Why the AI ​​spending boom won’t end like the tech bubble of the 1990s

Why the AI ​​spending boom won't end like the tech bubble of the 1990s

Nvidia (NVDA) stock reached an all-time high Thursday morning with another strong quarterly earnings report that pushed the stock’s year-to-date gains nearly 230%.

However, this meteoric rise will not meet an end as the network-building processes, which have yet to falter The technology boom of the 1990sAccording to some on Wall Street.

“Today, we believe there are many examples of companies achieving a return using generative AI through product improvements, productivity gains, or outright cost reductions,” Jefferies stock analyst Mark Lipasis wrote in a note to clients Thursday.

In contrast, the 1990s witnessed companies investing in Field of Dreams-esque “Build it and they will come,” said Lipasis, who was hopeful. Today, artificial intelligence is changing business expectations.

“The demand for our data center platform for AI is massive and widespread across industries and customers,” said Jensen Huang, founder and CEO of Nvidia, on Wednesday.

“Our demand view extends into next year. Our supply over the next few quarters will continue to pick up as we reduce cycle times and work with our supply partners to add capacity.”

NVIDIA CEO Jen-Hsun Huang gives a speech about artificial intelligence and gaming during Computex Taipei at the World Trade Center in Taipei, Taiwan, Tuesday, May 30, 2017. (AP Photo/Chiang Ying-ying)

Nvidia CEO Jensen Huang gives a speech about artificial intelligence and games during Computex Taipei at the World Trade Center in Taipei, Taiwan, Tuesday, May 30, 2017. (Chiang Ying-ying/AP Photo)

Nvidia’s second-quarter revenue totaled $13.51 billion, up 101% from a year ago and well above Wall Street’s forecast of $11.04 billion.

In the 1990s, companies like CSCO, Oracle (ORCL), and Intel (INTC) saw their share prices soar as exuberance grew about the future prospects of chipmakers.

The New York Times even named Cisco was the “leader” in the stock market in 2000. But less than a year later, the company cited a macroeconomic slowdown as it cut jobs and turned profits into losses.

Thomas Russell, then Associate Professor of Economics at Santa Clara University, he told the Times In 2001, the Cisco slowdown served as a “wake-up call” for the semiconductor industry, indicating that the roles Cisco had played in moving the economy had not changed.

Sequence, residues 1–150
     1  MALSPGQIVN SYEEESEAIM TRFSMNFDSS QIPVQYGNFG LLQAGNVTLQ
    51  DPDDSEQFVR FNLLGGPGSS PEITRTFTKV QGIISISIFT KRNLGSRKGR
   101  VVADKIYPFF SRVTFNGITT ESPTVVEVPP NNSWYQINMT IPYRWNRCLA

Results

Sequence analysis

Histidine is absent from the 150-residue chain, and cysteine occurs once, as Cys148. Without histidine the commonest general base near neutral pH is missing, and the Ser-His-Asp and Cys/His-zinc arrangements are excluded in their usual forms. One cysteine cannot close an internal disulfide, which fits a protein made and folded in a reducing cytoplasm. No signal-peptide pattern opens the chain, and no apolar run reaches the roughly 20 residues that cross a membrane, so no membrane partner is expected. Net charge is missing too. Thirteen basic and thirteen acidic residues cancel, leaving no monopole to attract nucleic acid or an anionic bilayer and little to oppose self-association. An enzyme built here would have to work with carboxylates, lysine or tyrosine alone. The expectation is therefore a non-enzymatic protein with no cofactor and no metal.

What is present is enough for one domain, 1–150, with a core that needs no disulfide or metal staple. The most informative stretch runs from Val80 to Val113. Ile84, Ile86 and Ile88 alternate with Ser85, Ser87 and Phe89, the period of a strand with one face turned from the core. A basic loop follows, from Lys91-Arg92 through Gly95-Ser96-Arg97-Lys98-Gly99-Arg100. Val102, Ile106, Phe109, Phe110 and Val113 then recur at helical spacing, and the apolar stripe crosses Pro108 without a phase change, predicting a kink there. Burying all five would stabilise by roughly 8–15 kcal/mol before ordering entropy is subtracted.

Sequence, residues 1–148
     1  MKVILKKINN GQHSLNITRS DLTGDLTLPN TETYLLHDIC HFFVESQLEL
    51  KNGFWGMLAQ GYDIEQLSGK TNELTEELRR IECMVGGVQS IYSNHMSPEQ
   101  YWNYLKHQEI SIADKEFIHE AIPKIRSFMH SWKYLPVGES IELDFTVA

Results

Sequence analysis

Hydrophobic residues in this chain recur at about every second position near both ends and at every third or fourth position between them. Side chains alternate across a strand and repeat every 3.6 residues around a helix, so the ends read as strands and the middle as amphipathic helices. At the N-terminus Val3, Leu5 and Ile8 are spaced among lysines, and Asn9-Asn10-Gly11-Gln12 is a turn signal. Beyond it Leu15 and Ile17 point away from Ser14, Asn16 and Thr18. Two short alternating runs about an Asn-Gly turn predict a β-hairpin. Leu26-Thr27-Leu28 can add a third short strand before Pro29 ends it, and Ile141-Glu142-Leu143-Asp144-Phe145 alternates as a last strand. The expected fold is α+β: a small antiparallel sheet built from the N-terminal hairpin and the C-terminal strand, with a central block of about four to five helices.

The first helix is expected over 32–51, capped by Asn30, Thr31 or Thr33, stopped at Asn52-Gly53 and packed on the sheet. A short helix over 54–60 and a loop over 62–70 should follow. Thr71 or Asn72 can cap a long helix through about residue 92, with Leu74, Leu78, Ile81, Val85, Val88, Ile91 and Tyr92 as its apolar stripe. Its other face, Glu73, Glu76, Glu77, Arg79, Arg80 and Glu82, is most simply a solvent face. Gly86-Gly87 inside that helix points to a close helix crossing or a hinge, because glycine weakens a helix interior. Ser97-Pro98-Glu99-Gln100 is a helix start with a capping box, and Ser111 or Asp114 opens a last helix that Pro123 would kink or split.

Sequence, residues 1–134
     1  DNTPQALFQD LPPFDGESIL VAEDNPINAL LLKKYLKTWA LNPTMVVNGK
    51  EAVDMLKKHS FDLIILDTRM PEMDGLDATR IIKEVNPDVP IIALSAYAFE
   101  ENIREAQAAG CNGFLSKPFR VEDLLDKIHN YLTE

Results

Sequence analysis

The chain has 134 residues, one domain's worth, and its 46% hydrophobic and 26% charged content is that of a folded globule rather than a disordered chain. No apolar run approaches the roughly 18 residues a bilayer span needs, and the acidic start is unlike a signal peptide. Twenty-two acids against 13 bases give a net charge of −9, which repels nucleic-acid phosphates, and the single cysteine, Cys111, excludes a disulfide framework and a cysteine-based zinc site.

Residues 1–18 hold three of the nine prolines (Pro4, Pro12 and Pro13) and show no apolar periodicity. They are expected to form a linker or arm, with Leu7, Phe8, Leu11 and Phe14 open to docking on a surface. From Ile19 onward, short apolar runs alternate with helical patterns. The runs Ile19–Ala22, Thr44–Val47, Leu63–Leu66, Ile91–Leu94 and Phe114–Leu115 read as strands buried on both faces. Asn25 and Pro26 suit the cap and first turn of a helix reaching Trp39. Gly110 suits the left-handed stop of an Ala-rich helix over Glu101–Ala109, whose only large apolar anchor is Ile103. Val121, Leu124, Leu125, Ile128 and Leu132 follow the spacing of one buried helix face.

All three stocks will drop about 80% as the dotcom bubble pops.

In July, Tony DiSpirito, chief investment officer of global underlying equity firm BlackRock, called the demand “really real” at a media roundtable, and said earnings growth from AI was “just coming.”

Indications that demand is outpacing Nvidia’s supply abounded in earnings calls this quarter.

In July, Elon Musk, CEO of Tesla (TSLA), said the company would “take Nvidia hardware at the same speed that Nvidia will give us.”

During recent earnings calls, big tech giants Amazon (AMZN) and Alphabet (GOOGL) also indicated that Nvidia GPUs are powering some AI projects at their respective companies. Meta said the innovative AI keeps users on the app longer and generates additional revenue.

“Although we are aware of emerging competition from major cloud service providers (i.e. constrained/on-premises solutions) as well as other commercial semiconductor suppliers,” Toshia Hari, managing director of Goldman Sachs, wrote in a research note Thursday, “we expect Nvidia to maintain It will maintain its position as the accelerated computing industry benchmark for the foreseeable future due to its competitive moat and the pressing need that customers are developing/deploying increasingly complex AI models.

Huang estimates that there are about $1 trillion worth of data centers installed in cloud and enterprise software systems. He said capital spending in those industries is shifting to building accelerated computing capabilities and generative AI capabilities, but that spending is about $250 billion, which indicates that the shift is far from over.

“This is not a matter for the short term,” Huang said. “This is a long-term shift in the industry, and we’re seeing both of these platform shifts happen at the same time.”

Josh Schafer is a reporter for Yahoo Finance.

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